I wrote a mildly popular blog post a few weeks back about my disdain for extreme couponers, you know people that spend 30+ hours/week searching for, and ultimately buying, a bunch of crap they don’t need. Well, I got an email from a reader, Emily, asking for my thoughts on a popular, new way to game the system. Check it….
I came across this article the other day. It’s essentially about gaming the mint to rack up frequent flier miles at no cost. Being in a position where I could do something like this, I get that creepy gut feeling that it’s wrong. After all, free shipping doesn’t exist, the taxpayers are footing that bill. Where would you stand?
Before I begin dishing out my opinion, I think Emily answered her own question. If you have a creepy gut feeling with anything it can only mean two things…1) Your moral compass says you are doing something naughty or 2) You have very bad diarrhea. Since science says women lack the ability to poop (at least that’s what I like to believe), it’s probably safe to assume Emily would be violating her personal “code of conduct” by taking advantage of this program.
Alright, enough about Emily, what would Ninja do?
I wouldn’t do it. Not because I think people that do are necessarily evil (although some probably are), but simply because I’m lazy. That sounds like a heck of a lot of work for a relatively minor reward. Even if I charged $5,000 worth of US Mint Coins to my Alaska Airlines Credit Card and deposited said coins in to my bank account a few days later, I would have only earned 5,000 miles. Which is only one fifth of the miles I need to earn a free flight. Thanks, but no thanks.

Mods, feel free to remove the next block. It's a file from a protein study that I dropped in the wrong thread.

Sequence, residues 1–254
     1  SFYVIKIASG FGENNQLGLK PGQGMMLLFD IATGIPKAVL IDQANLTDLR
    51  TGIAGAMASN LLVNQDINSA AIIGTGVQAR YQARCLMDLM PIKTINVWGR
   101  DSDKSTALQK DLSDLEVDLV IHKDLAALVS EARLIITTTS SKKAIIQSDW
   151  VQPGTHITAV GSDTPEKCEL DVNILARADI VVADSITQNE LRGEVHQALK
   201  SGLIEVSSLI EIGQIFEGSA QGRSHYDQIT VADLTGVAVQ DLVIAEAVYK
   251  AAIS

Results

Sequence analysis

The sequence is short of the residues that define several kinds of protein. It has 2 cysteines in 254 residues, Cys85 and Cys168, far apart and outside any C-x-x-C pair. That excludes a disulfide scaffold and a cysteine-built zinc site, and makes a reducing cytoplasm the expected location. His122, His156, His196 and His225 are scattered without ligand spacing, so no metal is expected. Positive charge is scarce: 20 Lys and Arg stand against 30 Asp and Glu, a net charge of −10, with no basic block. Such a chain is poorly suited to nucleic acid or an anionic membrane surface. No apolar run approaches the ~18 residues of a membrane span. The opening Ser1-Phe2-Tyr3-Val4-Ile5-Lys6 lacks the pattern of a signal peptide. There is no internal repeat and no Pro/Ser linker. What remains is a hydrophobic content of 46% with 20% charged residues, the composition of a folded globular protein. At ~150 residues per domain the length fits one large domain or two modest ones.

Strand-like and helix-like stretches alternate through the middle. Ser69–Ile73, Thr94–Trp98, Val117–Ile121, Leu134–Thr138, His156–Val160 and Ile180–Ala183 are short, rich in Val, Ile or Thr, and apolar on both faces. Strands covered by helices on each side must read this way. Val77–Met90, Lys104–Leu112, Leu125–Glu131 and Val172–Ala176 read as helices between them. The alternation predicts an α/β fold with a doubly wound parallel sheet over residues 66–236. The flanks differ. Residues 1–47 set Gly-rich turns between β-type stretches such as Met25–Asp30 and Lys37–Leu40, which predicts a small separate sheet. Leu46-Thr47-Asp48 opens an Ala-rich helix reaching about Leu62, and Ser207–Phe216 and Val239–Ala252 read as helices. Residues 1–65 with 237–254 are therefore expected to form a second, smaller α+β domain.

Have you heard of credit card arbitrage? You haven’t? It’s just another way to game the system. A few years back, when interest rates on high-yield savings accounts were between 3 and 4 percent, some people would sign up for 0% interest credit cards that allowed them to take cash advances with minimal (or no fee). They would borrow like $50,000 on this CC and put the cash directly in to their high yield savings account. They would collect interest on that $50K each month, and use some of the principal to pay down the loan over the course of the 0% offer. They could literally end up making about $120/month in interest just by borrowing money against their credit card. Obviously, credit card arbitrage is pretty pointless nowadays seeing that “high interest” accounts are only paying out like 1% interest.
So are there always going to be loopholes and ways to game the system? Absolutely, but that doesn’t mean I plan on taking part in them. Instead, I’d rather focus my attention on the big picture. Things like budgeting, investing, spending, giving, saving, and singing Joan Osborne’s “What if God was one of us”. Who has time to game the system???
What other tricks or loopholes have you heard of or read about? Are extreme couponers and people taking advantage of the US Mint blurring the lines of ethical behavior? What would you do?